Navigation Algorithms

Because we are not trying to build a full representation of the surrounding world, we need a way for the robot to achieve path planning using minimal information - no map, no GPS, only a simple laser range scanner. One such fairly new algorithm is the Gap Navigation Algorithm proposed by Benjamin Tovar and Steven LaValle [5], [6]. The "gap" in the gap navigation algorithm stands for a discontinuity in the robotic field of vision. The idea behind an algorithm is that the robot is able to represent each discontinuity as a tree node in a particular order. By moving towards a gap eventually the robot will see the objects/landmarks hidden behind it. These landmarks can be stored as the children of the gap nodes, with a gap marking the object location. The paper demonstrates that the shortest path from one landmark to another can be achieved by following the nodes in the gap navigation tree.

Another direction of our research is to determine the best representation of the 3-D free space within which the helicopter can operate. The map and state-space representations are particularly important in solving path-planning and navigation problems, and existing representations include using 3-D grid cell decomposition methods. We are currently exploring the use of a 2.5-D map representation, where vectors at each (x,y) coordinate denotes the free space within which the helicopter can operate, since this significantly reduces the space requirements for this map representation, especially when most of the environment is free-space. This approach is currently being implemented by re-creating the Stata center in a 2.5-D format.


[1] Paul J. Besl and Neil D. McKay. A Method for Registration of 3D Shapes. In IEEE Transactions on Pattern Analysis and Machine Intelligence, Vol 14 No 2, p. 239, February 1992

[2] Yang Chen and Girard Medioni. Object Modeling by Registration of Multiple Range Images. In Proceedings of the 1991 IEEE International Conference on Robotics and Automations, pp 2724-2729 April 1991.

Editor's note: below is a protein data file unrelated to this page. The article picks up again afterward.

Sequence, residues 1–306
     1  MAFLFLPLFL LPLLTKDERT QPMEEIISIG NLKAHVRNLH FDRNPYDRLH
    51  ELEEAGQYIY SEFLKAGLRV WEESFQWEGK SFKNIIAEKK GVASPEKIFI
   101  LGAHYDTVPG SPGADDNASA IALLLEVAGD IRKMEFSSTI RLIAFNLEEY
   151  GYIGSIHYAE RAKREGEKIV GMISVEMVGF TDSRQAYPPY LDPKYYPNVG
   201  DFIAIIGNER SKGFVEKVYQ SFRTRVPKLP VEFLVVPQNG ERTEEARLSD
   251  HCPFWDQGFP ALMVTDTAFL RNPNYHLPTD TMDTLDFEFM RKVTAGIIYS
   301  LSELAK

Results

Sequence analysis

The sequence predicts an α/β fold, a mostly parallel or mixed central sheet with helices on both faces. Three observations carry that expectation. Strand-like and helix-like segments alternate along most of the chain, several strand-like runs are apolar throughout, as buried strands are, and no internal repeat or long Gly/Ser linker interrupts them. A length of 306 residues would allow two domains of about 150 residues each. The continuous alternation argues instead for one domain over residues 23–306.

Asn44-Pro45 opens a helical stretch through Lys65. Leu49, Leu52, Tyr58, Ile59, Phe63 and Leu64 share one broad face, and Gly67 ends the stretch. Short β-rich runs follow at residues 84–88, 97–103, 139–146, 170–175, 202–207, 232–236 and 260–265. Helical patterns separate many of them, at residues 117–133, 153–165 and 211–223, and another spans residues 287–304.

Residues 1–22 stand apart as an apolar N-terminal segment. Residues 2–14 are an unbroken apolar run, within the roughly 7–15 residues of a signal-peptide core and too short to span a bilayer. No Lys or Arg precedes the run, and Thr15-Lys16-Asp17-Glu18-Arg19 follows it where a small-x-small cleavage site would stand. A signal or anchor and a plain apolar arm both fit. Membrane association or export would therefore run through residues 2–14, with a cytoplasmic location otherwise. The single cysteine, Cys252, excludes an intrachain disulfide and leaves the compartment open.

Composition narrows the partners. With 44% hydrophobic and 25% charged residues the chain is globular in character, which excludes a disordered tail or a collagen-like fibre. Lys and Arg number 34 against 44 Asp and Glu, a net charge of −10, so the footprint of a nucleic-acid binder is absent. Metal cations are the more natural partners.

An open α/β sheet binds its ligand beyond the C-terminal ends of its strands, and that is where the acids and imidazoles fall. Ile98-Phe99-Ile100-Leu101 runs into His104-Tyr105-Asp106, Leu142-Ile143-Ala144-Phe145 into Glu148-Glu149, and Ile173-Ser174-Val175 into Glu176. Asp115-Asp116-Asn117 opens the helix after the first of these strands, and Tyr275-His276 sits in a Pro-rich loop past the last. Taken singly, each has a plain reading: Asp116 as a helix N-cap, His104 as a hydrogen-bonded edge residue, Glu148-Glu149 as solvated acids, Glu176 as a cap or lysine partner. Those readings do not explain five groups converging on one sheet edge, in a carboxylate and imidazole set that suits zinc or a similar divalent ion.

[3] John J. Leonard and Hugh F. Durrant-Whyte. Simultaneous Map Building and Localization of an Autonomous Mobile Robot. In IEEE/RSJ International Workshop on Intelligent Robots and Systems, pp. 1442-1467, IROS '91, November 1991.

[4] Sebastian Thrun, Dieter Fox and Wolfram Burgard. A probabilistic approach to concurrent mapping and localization for mobile robots. In Machine Learning, Vol. 31, 1998

[5] Benjamin Tovar, L. Guilamo, and Steven M. LaValle. Gap Navigation Trees: A minimal representation for visibility based tasks. In Proceedings Workshop on Algorithmic Foundation of Robotics, p. 1126, 2004.

[6] Benjamin Tovar, Rafael Murrieta-Cid and Steven M. LaValle. Distance Optimal Navigation in an Unknown Environment without Sensing Distances. In IEEE Transactions on Robotics, 2007

[7] Sebastian Thrun, Wolfram Burgard, and Dieter Fox. A Real Time Algorithm for Mobile Robot Mapping with Applications to Multi Robot and 3D Mapping. In Proceedings of the IEEE International Conference on Robotics and Automations, San Francisco, CA, April 2000.

[8] Dirk Hahnel, Wolfram Burgard, and Sebastian Thrun. Learning compact 3D models of indoor and outdoor environments with a mobile robot. In Robotics and Autonomous Systems, p. 1527, Vol 44, 2003.